Thursday, November 29, 2007

The Sound Tunnel in the Times

Peter Appelbome of the Times writes about the Long Island Sound tunnel today and, as you’d expect from the Times as compared to the local papers, raises good points and says it better:

The promoters say it would save time, and with up to 80,000 cars not stuck idling in gridlocked traffic, it would reduce fuel consumption by more than 24 million gallons a year and carbon dioxide emissions by up to 235 tons per day. It’s safe to assume that those numbers will not go unscrubbed. And there’s always the rejoinder that if the ride is that simple, maybe it will simply produce more cars and more pollution. …

The review process should ask that and more — nuts and bolts ones on the impact of the project on existing roads and highways and big picture ones about whether it’s needed (why not more ferries?), whether the price is right ($25 tolls?) and whether an all-auto project of this magnitude makes any sense. Don’t expect it to happen without a rail component as well….

Here are two other issues. The first is whether the civic technology for killing projects is so much more refined than the technology for building them that you can’t attempt a project like this anywhere near high-dollar neighborhoods in the Northeast.
The second is whether the cooperation between city and suburb is so flaccid that there just isn’t the political will to get this done, whatever its merits.

If it’s a lousy idea, it’s hopeless. If it actually makes sense, economically and environmentally, the question is whether the handful of people who really matter in Manhattan, Albany, Nassau and White Plains think this is worth investing political capital on.

The early reaction will be worth watching. Either this dies a quick death or we’re at the beginning of a process that will make the seemingly endless rebuilding of the Tappan Zee Bridge look like an impulse purchase at the mall.



Blogger Sam said...

Ahh, can I put on my transportation conformity hat? If the tunnel project ends up being considered for the state and regional travel plans, it must pass the "build-no build" test. That means for ozone precursors and PM-2.5, one would have to model emissions with and without the tunnel to ensure that emissions didn't GO UP.

The modus operandi appears to be that the tunnel would simply replace folks taking bridges and a more circuitous route. But that's not how it works, since any transportation facility has a certain "induced" growth when constructed, one that can create extra "capacity."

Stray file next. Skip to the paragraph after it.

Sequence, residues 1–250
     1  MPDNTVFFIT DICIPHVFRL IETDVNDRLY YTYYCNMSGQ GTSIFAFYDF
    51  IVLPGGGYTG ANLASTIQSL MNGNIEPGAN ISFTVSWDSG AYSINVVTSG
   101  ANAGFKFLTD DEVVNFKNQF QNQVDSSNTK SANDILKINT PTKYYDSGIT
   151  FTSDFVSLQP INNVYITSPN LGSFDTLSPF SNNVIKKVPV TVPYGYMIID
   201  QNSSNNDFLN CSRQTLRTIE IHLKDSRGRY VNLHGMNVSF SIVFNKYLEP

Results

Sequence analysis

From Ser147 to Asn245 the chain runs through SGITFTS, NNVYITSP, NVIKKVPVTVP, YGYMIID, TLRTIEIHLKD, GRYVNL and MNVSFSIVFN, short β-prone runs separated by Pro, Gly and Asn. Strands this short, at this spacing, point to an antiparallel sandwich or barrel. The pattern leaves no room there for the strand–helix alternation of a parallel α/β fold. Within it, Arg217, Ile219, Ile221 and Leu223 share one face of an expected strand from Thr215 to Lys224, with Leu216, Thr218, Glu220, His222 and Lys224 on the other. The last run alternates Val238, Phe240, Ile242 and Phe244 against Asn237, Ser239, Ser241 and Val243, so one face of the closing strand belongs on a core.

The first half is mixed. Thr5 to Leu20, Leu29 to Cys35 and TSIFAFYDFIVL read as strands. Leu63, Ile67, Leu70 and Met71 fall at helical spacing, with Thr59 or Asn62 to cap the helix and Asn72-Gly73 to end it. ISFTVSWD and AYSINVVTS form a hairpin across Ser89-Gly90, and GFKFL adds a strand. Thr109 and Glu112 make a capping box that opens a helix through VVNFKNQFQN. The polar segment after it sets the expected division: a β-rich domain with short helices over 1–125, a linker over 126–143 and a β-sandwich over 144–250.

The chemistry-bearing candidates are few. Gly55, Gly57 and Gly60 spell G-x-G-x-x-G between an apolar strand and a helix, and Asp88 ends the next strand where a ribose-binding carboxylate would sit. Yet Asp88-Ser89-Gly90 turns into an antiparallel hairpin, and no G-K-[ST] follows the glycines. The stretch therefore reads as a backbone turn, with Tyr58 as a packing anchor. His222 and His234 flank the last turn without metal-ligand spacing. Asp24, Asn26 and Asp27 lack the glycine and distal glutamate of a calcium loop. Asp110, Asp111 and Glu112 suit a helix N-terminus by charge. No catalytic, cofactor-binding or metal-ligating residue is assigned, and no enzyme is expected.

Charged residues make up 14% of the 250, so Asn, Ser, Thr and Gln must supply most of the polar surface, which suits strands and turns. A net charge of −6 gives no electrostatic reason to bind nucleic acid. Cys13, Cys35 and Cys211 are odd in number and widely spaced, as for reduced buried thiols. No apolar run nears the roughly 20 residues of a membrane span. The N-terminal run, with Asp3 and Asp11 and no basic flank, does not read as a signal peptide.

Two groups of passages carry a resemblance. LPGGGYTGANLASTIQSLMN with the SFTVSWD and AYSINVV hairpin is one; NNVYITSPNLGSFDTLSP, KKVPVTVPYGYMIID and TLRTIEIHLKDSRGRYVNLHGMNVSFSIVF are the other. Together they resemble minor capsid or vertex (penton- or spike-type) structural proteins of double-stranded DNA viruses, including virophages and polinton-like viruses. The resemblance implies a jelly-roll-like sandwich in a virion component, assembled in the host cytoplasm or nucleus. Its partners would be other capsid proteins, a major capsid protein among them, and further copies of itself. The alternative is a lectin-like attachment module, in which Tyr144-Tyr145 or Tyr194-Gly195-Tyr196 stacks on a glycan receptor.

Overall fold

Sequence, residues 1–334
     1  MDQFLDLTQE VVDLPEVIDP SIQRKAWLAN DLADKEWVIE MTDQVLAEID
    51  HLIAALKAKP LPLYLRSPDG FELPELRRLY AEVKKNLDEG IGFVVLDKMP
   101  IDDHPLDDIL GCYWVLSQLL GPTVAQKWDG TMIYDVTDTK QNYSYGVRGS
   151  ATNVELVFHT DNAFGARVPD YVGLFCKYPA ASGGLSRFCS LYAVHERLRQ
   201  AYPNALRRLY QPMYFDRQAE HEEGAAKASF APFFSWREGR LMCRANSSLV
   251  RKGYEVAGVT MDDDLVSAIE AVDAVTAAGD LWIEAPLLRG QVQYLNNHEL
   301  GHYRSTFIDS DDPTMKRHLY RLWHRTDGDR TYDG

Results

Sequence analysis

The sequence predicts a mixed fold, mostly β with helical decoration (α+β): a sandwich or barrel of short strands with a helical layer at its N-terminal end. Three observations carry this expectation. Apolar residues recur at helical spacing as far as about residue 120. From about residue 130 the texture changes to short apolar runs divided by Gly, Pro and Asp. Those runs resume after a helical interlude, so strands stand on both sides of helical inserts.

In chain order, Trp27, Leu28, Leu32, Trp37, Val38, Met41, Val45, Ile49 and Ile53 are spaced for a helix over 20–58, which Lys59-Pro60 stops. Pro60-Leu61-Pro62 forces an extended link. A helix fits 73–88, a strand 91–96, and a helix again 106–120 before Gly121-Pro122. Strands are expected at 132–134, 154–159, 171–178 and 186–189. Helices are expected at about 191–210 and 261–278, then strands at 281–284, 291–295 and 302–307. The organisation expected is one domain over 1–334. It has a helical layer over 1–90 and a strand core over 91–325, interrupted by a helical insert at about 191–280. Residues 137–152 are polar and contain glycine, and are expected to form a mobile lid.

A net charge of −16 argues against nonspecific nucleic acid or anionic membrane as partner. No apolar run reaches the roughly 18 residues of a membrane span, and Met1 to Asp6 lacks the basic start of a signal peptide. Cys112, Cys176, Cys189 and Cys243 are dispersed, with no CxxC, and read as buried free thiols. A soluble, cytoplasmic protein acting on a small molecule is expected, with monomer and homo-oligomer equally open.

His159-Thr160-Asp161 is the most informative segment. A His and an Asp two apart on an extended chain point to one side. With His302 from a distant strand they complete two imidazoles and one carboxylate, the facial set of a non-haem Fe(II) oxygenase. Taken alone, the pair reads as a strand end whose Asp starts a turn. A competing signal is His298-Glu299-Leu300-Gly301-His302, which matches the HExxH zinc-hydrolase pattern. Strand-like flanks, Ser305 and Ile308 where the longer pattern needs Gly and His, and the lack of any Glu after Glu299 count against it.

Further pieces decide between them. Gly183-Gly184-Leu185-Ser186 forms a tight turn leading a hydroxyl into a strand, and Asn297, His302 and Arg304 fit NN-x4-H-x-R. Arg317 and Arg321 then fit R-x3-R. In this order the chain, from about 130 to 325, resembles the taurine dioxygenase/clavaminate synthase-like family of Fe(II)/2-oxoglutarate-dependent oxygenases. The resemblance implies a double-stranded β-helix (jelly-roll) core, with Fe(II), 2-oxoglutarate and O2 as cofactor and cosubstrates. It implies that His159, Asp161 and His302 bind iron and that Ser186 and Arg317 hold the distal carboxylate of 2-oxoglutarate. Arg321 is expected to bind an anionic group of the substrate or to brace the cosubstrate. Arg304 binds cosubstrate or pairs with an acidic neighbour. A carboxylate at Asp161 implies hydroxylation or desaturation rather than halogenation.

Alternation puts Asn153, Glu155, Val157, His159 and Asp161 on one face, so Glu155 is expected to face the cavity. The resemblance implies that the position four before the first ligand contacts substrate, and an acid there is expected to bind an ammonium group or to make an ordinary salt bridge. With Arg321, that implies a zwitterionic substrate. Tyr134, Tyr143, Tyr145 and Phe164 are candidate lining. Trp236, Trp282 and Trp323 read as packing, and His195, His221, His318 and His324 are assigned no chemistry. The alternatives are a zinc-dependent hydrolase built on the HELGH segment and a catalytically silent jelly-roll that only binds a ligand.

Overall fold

Over the last 12 years the transportation conformity rules have been watered down (funny how Bush Senior implemented it, Bush Junior disabled part of it). But it's still a powerful tool. I'm sure the engineers at Hatch-Mott McDonald are working on it, although they like the marine construction side much better. -sam

5:41 PM  
Anonymous Bryan said...

Came across this link to the tunnel project web site in a recent Vision Long Island newsletter.

I think Sam got to the crux of the matter with "induced growth" of traffic.

With so little info available at this time, it's hard to get too worked up about the project one way or the other. Some of my random thoughts are:

AADT is average annual daily traffic and by all definitions I've seen means travel both ways. It means everything from 30k commuters going back and forth to 60k one-way trips. Are there 30k vehicles going from LI through Rye each day or is it a projection for 2025?

At $25/trip (no discount) and 60k crossings per day for 365 days, that's $500M per year. Does the even pay the debt service on $10 billion? How much more will commercial vehicles have to pay?

Where are they going to dump the material from the tunnels? It's 500 million cubic feet or 18.4 million cubic yards of rock and soil. If they used it as fill, 100ft of it would cover 116 acres.

If half the borings come out of the LI tunnel, how are they going to move 9.2 million cubic yards? At 30 cubic yards per load, that's 300,000 truck trips.

Have 55-ft diameter tunnels been bored before? I haven't found any that are that big. The tubes all seem to be less than 40ft in diameter.

24 million gallons of gasoline per year saved seems reasonable based on a trip that's 30 miles shorter. Is it still 24 million gallons in 2025 when we're all driving hybrids or electric cars that get 100mpg?

How much of the so-called green benefit from this project gets eaten by the CO2 emissions associated with building it? Cement is responsible for GHG and this project will take a lot of concrete. The construction equipment will be burning diesel (or maybe CNG or LNG).

If Sam is right and it induces more traffic, that would reduce or even wipe out the so-called green benefits, particularly if there is no rail component.

I suppose it will be all hashed out in the EIS that gets published in ten years, if at all.

6:23 PM  

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